Ray
 

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Discussion Starter · #17 ·
Issues

I had no issues during break in with the lifters. The first problem I had was after the engine sat up for a long time. My thoughts are that maybe since I cannot drain the oil pan completely, that there was a bunch of that moly lube in the bottom of the pan and it got pushed into the lifters and gummed them up. I did leave the engine sat up for a long time and the valves got very stiff in the guides- had to pull the covers and free five valves- when I tried to fire it off it turned over very stiffly and ran raggedy when it fired. Once I shot some penetrating oil on the valve guides and bumped them with a rubber mallet they freed on up- one of the things I am doing during this teardown is getting the valve guides looked at and maybe honed to proper clearance. the Cam is a Comp Cams 280AH and it came as a kit with springs, lifters, keepers, locks, etc... The rockers are Comp Pro Magnum rollers.

I adjusted the lifter preload several times, to several amounts of preload and the noise would not go away- even entertained the idea that the cam lobes were going away- but it doesn't seem to be the case. I ran it anyway, making more noise than I thought it should and ended up with the roller rocker roller tip actually wearing a slight pattern on top of some of the valve tips- the pattern is centered on the valve tip, so the geometry seems to be decent. I think the clearance from hinky lifters not doing their job, or excess pressure from tight sticky valves hammered the damn tips of the valves. Some valves were rotating, some were not apparently.

I finally got fed up with it and pulled it- and am in the process of deciding what needs fixing/adressing.

I have several issues- tight valve guides, problematic lifters, and possibly some contact with the pistons/valves at some point. Nothing is bent badly, but I'll be able to tell when I pull the heads this weekend if I had contact. Best I can tell, valves are straight- they rotate true in the guides, and pushrods are straight- I pulled them and rolled them on a flat surface. If there was piston/valve contact it was minimal- but if they did hit I'm gonna get new valves and the heads reworked completely.

My plan right now is to get the guides seen about, replace the cam & lifters, and do a bearing check- then reassemble and start off fresh.
 

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Discussion Starter · #18 ·
Lifters

I have seen it suggested in several places on the net that Comp Cams went through a time period in the early 2000's where they had some bad batches of lifters- that is around the time period that this rig was first put together- so it is a very real possibility that I have some bad lifters. This boat/engine has not seen a whole bunch of use due to one issue or another. I think the main problem I have is issues due to it sitting up for long periods.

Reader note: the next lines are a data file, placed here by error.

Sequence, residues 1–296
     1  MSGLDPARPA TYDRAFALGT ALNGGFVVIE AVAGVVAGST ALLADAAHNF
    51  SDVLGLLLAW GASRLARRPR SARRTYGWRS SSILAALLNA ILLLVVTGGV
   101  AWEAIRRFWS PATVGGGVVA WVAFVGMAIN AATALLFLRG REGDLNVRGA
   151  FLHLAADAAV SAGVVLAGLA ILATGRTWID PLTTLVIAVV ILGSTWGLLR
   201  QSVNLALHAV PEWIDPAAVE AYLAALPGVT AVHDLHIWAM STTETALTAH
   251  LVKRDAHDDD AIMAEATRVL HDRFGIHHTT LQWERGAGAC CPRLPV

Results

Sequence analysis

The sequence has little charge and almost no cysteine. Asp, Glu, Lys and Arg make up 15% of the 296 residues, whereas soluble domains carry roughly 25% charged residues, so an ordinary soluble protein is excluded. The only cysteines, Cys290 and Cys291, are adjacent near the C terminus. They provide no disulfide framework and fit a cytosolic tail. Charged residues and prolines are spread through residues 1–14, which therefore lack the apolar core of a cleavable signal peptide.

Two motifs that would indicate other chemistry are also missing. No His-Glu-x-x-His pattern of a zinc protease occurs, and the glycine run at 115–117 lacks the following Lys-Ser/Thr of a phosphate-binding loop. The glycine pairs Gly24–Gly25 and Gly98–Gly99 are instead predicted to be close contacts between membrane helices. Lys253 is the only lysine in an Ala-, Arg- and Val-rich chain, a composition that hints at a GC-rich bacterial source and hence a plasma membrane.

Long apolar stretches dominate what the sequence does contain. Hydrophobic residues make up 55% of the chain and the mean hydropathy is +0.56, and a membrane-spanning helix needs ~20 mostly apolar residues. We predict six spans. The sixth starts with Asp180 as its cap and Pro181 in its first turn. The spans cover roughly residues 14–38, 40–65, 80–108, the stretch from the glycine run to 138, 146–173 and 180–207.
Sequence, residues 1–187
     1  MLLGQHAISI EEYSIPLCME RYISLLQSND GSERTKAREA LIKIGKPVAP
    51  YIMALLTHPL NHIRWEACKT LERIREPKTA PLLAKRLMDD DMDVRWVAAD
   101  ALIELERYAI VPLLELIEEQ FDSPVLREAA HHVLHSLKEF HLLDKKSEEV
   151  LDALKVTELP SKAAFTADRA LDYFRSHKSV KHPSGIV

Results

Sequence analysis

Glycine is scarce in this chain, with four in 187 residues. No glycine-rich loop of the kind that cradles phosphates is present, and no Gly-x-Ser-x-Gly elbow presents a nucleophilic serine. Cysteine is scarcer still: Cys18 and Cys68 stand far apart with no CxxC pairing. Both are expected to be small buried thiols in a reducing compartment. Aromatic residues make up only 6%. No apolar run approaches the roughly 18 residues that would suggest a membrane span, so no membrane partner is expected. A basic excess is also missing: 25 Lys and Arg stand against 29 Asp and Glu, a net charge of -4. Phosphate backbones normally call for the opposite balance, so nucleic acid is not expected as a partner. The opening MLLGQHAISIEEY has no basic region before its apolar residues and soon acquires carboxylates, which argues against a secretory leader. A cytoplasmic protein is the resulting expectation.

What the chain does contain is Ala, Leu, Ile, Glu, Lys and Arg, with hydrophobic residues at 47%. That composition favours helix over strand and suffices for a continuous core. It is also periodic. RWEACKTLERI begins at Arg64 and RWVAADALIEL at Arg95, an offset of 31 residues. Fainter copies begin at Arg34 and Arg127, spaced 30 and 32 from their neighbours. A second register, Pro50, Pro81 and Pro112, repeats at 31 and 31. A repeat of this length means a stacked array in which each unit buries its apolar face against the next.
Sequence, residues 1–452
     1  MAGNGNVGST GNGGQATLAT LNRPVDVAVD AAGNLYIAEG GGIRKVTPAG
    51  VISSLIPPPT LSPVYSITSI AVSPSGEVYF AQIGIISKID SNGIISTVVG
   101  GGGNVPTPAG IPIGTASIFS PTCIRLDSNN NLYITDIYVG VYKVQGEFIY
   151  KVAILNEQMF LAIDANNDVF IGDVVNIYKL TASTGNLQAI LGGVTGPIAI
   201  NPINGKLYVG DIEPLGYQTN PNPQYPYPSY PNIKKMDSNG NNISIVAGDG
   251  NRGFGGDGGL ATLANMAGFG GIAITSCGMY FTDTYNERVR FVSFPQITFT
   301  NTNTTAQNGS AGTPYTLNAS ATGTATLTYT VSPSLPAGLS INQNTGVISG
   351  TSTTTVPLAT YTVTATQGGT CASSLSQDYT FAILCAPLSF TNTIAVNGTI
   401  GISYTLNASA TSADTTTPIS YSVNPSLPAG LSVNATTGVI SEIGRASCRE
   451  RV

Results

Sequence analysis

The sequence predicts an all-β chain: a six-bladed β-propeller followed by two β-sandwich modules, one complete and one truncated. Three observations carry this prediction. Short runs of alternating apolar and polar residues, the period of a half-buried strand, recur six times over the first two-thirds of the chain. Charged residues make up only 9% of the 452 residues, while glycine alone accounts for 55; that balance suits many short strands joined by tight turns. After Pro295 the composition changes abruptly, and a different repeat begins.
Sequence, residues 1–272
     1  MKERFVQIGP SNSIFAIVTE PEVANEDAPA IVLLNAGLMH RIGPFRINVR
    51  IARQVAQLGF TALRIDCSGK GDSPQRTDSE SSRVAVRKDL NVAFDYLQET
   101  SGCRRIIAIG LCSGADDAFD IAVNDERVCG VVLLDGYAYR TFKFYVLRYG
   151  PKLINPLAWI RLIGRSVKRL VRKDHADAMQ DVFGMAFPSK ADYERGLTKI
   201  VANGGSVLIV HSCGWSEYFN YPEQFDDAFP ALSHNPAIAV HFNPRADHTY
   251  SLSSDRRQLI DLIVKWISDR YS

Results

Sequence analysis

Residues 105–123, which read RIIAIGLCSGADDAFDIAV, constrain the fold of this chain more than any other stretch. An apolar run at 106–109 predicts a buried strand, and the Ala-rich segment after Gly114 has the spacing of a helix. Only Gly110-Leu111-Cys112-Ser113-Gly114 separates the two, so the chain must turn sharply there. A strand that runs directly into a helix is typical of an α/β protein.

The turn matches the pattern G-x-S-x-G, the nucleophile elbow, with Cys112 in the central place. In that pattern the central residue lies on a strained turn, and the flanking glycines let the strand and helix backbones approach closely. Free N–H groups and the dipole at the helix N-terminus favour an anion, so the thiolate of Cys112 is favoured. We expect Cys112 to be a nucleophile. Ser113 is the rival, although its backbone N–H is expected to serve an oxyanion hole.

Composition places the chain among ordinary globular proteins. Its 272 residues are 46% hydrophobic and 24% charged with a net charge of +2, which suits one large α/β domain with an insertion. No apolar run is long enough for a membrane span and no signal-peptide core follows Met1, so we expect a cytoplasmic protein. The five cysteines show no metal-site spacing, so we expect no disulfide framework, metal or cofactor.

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To much of the stuff circulating can spell death to plain bearings like rod, main, and cam bearings.
The stuff is like polishing compound. It doesn't tear things up, but it will buff stuff. Its great for breaking in a cam, and is fine between two steels. But it plays hell with soft metals.

Be thankful you didn't spend the money for coated rod and main bearings. Because the stuff wouldn't be there any more.:no:
IMO, the bearings look fine....
Ray

Really Ray? They look exactly like I expected them to. Not saying there is anything terribly bad there, but not what I like to see in a fairly fresh engine.
The moly is the primary reason the OP's bearing look the way they do. That top coating on the OPs bearings is a breakin layer, its the babbit overlay. Its gone. Would the engine still be fine, sure. Imagine the stuff that did that to those bearings being in that engine for years of boating. What would the bearings look like then. And the oil or oil pressure would probably be the scapegoat for the wear


Like I said, the OP should be thankful he didn't waste the money on coated bearings, because the coating would sitting in the pan.

Ray, these are from a full season of racing with over 14 dead engine full throttle starts. Notice the coating is still there. Trust me, the dry film coating is much easier to buff off than the babbit, and moly will remove it in a heartbeat
Thats the point of my posts. You don't want any more of that stuff in your enigne than absolutely necessary. I am thankful that I run a roller and need none of it.



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So with that pan setup and the drainline hose like the OP stated, how do you get ALL THE OIL out of it? I have the same setup and using a handpump I get about a 1/2 cup of oil out and I hear it sucking air in the pan when it gets down low. Then I wait about 15-20 minutes and it will suck another 1/2 cup and again and again.... how do you guys get it all out????

I measure my oil removed until I have 10 quarts and its sucking air but I know there is some residual oil in there....

Thanks